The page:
MINNEAPOLIS -- As Danielle Hunter morphed from raw prospect to fully formed pass-rushing terror even faster than the Minnesota Vikings expected, the team knew it was going to have to move some furniture around to make room for its growing phenom.
When Hunter posted six sacks as a 20-year-old rookie, splitting his time at left and right defensive end in 2015, the Vikings started moving Brian Robison inside on passing downs to give Hunter more opportunities. They did more of it in 2016, with Robison playing only 544 of his 800 snaps at left end (according to ESPN Stats & Information) while Hunter posted 9.5 of his 12.5 sacks in 389 snaps at Robison's customary spot.
Now, as Hunter prepares for his third season still almost five months shy of his 23rd birthday, the Vikings seem prepared to unleash him even more. The 34-year-old Robison. who restructured his contract this spring, has told coaches he'll accept a smaller role if it helps the team. And after two Pro Bowls at right end, the 29-year-old Everson Griffen could get some work at a position where he played as the Vikings' third pass-rusher early in his career.
Griffen spent some time during the Vikings' open practice on Tuesday working as an interior pass-rusher, revisiting the spot where he saw most of his playing time during his first three years in the league. According to ESPN Stats & Information, Griffen played 678 of his 1,572 snaps at defensive tackle from 2010-13, notching 12.5 of his first 17.5 sacks from there. His ability to move around the Vikings' defensive front could help the team in two ways this season.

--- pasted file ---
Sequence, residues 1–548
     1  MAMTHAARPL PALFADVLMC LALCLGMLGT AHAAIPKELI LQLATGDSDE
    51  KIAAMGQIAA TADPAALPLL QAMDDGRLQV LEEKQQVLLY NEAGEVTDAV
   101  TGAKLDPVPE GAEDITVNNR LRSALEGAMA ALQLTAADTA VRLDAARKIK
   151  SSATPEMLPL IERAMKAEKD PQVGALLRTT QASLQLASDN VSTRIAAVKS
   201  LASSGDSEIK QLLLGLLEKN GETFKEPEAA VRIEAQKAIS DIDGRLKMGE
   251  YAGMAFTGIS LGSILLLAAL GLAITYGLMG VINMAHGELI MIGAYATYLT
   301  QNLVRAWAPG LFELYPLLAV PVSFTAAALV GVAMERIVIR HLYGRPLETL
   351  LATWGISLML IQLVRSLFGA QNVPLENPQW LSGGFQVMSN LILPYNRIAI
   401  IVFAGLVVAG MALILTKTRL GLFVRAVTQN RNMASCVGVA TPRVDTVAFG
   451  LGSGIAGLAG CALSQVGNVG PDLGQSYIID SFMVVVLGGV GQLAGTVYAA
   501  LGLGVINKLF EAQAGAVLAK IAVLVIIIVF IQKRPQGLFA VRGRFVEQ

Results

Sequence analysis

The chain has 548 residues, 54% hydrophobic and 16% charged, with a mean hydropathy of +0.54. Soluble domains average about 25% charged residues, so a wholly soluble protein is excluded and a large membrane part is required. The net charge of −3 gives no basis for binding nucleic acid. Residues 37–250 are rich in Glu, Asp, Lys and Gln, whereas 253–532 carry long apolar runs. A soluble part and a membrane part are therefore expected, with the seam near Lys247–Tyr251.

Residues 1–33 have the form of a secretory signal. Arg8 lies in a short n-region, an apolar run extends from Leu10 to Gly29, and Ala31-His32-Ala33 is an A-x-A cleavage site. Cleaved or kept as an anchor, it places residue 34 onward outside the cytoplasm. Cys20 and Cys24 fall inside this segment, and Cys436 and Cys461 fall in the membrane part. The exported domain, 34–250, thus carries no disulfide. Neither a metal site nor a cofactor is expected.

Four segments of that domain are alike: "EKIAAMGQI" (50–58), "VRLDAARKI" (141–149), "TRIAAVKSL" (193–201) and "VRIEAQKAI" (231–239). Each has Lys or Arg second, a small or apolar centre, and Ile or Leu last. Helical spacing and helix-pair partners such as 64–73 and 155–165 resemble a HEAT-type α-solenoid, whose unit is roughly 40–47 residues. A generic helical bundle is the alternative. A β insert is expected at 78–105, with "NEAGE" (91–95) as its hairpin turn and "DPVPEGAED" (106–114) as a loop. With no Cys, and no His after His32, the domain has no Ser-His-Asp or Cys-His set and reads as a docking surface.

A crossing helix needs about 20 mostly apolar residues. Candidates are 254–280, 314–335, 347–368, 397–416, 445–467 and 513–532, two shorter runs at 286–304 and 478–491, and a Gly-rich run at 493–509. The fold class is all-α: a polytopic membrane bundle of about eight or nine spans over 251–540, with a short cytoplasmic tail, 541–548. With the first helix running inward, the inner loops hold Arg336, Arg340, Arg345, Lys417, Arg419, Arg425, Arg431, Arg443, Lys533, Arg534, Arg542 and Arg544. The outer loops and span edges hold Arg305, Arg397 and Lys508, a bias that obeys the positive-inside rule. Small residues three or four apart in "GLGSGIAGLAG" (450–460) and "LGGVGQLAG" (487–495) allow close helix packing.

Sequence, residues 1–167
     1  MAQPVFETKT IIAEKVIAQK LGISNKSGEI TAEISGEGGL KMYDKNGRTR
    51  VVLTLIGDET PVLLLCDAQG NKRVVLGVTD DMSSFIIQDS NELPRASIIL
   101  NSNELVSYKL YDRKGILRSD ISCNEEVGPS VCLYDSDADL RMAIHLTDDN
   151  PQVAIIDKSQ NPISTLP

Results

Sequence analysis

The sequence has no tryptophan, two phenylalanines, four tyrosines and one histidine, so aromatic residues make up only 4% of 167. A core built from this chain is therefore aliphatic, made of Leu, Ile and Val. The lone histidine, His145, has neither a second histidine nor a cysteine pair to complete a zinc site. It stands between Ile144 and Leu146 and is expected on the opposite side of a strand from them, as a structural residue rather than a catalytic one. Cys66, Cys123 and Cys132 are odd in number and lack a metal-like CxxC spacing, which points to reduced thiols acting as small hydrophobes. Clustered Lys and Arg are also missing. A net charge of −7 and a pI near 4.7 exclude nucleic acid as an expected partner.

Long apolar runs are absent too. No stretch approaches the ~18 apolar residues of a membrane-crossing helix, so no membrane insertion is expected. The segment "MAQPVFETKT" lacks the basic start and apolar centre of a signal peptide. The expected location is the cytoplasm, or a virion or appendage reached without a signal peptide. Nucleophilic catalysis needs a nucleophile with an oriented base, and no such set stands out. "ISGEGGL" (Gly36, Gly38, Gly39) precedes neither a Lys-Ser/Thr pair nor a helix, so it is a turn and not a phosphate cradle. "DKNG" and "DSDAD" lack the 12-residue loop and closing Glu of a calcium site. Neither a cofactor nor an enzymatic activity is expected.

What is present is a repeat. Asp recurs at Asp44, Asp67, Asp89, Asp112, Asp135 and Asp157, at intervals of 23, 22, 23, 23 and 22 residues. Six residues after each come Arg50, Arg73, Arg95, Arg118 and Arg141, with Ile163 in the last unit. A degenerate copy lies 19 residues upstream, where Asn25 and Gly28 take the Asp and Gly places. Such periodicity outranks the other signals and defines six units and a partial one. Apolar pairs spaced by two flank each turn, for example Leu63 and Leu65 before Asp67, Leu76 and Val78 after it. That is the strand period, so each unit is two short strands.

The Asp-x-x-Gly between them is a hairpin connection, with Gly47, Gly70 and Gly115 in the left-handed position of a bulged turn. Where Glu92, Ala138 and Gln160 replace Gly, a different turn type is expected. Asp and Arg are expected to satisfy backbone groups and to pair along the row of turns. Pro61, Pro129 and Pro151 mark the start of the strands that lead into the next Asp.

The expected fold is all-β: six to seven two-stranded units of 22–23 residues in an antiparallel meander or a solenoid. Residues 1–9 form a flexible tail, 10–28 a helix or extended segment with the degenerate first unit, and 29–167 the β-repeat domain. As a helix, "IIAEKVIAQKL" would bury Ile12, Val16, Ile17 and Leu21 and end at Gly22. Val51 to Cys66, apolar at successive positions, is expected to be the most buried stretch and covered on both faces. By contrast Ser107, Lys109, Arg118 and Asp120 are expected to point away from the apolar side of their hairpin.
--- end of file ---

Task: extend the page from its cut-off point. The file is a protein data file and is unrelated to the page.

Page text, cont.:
First, with Sharrif Floyd's status still in question, the Vikings can always use options to pressure the quarterback from the middle of their defensive line. Coach Mike Zimmer sounded pleased with the progress Datone Jones has made at defensive tackle on Tuesday, and Tom Johnson figures to play a key role in the team's pass rush again at age 33. Griffen, though, has been a solid run defender in addition to a productive pass-rusher, and the Vikings could find reason to use him inside from time to time in their base defense.
And second, the Vikings' ability to unleash a trio of versatile pass-rushers could make their pressure packages even harder for opponents to decipher. Griffen, Robison and Hunter have all shown an ability to drop into coverage at times -- Griffen's 29-yard interception return touchdown against Sam Bradford came on such a play back in 2012 -- and Zimmer has shown a fondness for athletic pass-rushers who can get to the quarterback from multiple spots. The flexibility of his defensive front, coupled with the presence of linebackers such as Anthony Barr and Eric Kendricks and safety Harrison Smith gives Zimmer more options and offensive coordinators more headaches.
The Vikings would still be helped by the return of Floyd, who is dealing with a nerve issue in his right knee that prevents his quadriceps muscle from working properly. But the presence of Jones and Johnson, not to mention developing young pass-rushers like Stephen Weatherly and Ifeadi Odenigbo, gives the Vikings a number of different ways to play. Moving Griffen around would put one more tool at Zimmer's disposal.